The federal push to protect people against wildfires relies largely on local governments and requires cooperation with private landowners (60% of Colorado is privately owned), with federal funds funneled through state agencies such as the Colorado State Forest Service.

That’s how work began in the mountain foothills forests southwest of Denver in Jefferson County, including the 418-acre Flying J Ranch Park and the 667-acre Meyer Ranch Park – areas residents increasingly flock to for recreation as cities densify.

“I’ve been up to see our mitigation projects up close. I’ve been to the Flying J Ranch. I understand the concerns,” said Jefferson County Commissioner Lesley Dahlkemper, who created and leads the county’s Wildfire Risk Reduction Task Force and also serves on Gov. Jared Polis’ Colorado Fire Commission.

“But the benefits far outweigh the issues that are raised. We know that mitigation can help keep communities safe. And, when we do it well, it is actually very good for the habitat once native grasses come back,” Dahlkemper said.

Forest cutting planned for Jefferson County foothills “really focuses on thinning, so we are not wiping out forests,” she said. “It’s all about the end results: keeping our communities safe, ensuring that fires burn lower to the ground so firefighters can contain them more quickly. It’s not if, but when, and we want to ensure we’re doing everything on the front end to keep our communities safe.”

So far, trees have been cut from about 2,300 acres of forest in the county, Dahlkemper estimated. And county officials said they’ll thin — not “clear-cut” — another 1,340 acres of forest on county “open space” over the next five years. It’s unclear how much additional cutting is planned.

Denver contractors, too, are removing trees from the city’s mountain parks, which cover 14,000 acres. City contractors since 2010 have cut or thinned trees on 2,000 acres to mimic natural processes and re-establish mountain meadows, Denver Parks and Recreation deputy manager Scott Gilmore said.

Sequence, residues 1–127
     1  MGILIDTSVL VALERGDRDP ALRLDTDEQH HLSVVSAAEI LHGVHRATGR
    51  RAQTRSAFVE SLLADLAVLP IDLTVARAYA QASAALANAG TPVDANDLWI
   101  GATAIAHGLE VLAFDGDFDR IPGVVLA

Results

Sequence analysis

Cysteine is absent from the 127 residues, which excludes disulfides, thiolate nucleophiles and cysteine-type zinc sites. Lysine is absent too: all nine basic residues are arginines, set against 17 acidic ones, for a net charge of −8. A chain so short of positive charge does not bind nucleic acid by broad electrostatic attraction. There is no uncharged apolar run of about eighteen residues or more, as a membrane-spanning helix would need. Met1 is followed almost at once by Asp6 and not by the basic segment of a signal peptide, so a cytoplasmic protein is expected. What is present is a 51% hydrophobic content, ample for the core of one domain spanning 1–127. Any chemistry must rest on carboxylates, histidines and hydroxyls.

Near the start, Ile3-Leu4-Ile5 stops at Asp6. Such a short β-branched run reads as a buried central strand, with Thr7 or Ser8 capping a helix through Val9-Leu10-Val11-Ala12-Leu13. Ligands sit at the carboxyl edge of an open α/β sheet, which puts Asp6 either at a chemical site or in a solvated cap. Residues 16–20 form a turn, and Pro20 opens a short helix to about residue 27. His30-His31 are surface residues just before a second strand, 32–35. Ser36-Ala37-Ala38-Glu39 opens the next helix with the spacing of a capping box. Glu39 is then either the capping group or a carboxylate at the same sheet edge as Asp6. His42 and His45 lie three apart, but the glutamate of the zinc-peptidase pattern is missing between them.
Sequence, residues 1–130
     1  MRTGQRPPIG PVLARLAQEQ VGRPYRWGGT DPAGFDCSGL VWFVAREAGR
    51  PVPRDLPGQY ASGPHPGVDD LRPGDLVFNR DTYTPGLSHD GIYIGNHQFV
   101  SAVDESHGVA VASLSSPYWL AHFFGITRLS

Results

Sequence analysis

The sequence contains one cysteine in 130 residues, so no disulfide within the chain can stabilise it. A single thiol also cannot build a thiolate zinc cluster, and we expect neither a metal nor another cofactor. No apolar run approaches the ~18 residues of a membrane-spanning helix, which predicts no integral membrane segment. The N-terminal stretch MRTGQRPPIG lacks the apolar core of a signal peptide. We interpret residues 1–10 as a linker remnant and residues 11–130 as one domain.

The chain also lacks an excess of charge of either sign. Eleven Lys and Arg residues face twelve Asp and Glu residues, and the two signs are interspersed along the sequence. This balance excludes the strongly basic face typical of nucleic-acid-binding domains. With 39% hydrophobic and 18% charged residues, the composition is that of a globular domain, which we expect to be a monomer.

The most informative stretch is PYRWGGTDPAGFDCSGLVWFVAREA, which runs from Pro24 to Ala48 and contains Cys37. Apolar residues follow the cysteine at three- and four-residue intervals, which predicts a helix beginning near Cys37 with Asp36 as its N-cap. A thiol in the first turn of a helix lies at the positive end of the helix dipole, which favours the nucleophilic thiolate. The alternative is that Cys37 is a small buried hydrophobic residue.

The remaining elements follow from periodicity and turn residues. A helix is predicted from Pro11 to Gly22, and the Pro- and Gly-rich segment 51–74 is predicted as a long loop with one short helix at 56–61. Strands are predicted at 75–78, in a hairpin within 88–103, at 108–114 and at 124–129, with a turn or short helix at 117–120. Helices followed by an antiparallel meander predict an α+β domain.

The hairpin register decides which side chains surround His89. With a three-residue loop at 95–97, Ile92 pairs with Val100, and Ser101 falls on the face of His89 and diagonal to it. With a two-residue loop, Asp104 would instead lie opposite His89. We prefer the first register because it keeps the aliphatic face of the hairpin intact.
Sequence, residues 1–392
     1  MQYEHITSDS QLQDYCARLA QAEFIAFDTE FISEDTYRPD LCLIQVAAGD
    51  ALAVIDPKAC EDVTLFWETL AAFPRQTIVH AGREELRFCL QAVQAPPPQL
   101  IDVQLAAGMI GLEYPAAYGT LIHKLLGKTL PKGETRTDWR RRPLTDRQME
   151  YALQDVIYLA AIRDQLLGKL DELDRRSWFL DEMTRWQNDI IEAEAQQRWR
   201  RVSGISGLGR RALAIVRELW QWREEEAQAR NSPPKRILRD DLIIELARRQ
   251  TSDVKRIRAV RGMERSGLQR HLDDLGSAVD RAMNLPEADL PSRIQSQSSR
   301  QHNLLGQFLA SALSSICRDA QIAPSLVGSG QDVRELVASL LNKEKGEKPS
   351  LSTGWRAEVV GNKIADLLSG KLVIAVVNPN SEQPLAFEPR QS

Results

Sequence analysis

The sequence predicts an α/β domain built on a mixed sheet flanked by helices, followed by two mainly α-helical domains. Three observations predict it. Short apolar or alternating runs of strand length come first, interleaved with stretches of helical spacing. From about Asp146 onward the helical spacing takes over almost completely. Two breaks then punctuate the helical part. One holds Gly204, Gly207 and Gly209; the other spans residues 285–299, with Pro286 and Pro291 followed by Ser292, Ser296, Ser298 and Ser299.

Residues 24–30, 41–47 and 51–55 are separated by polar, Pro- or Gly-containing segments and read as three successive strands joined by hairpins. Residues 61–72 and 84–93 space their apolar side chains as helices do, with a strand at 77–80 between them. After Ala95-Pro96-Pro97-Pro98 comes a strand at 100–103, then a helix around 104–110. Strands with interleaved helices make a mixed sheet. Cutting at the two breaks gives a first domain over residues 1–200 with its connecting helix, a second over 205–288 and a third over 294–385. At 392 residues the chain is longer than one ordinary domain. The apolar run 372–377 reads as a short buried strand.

“Going into 2024, we’re looking at doing approximately 300 more acres of landscape management in some of the mountain parks the city owns,” Gilmore said. “Our forest is unhealthy, and a lodgepole pine forest should burn. Our forests are not burning because we put out the fires. We’re trying to re-create some of the natural ecosystems as if people were not around.”

At the Meyer Ranch Park, a forest restoration and fire mitigation contract for treating 32 acres of mixed forest, begun last winter by Colorado Forestry & Fire Mitigation, led to new growth of grasses and flowers during summer. That treatment has drawn fewer complaints.

Federal officials over the past year initiated the nationwide push to “get ahead of fires.” For more than a decade, federal land managers have warned that overly-thick forests, a warming climate, house and commercial construction at forest edges, and increasingly aggressive fire suppression are leading to a full-blown wildfire and forest health crisis.

Biden administration Agriculture Secretary Tom Vilsack met in May 2021 with Gov. Polis, Sen. Michael Bennet, Rep. Joe Neguse and Forest Service leaders in charred woods ravaged by Colorado’s record 208,913-acre Cameron Peak Fire (2020), a place where prior tree-thinning enabled evacuations. Federal experts revealed plans to remove up to 70% of trees in forests along Colorado’s Front Range, creating fire breaks designed to both revitalize forests and slow future flames.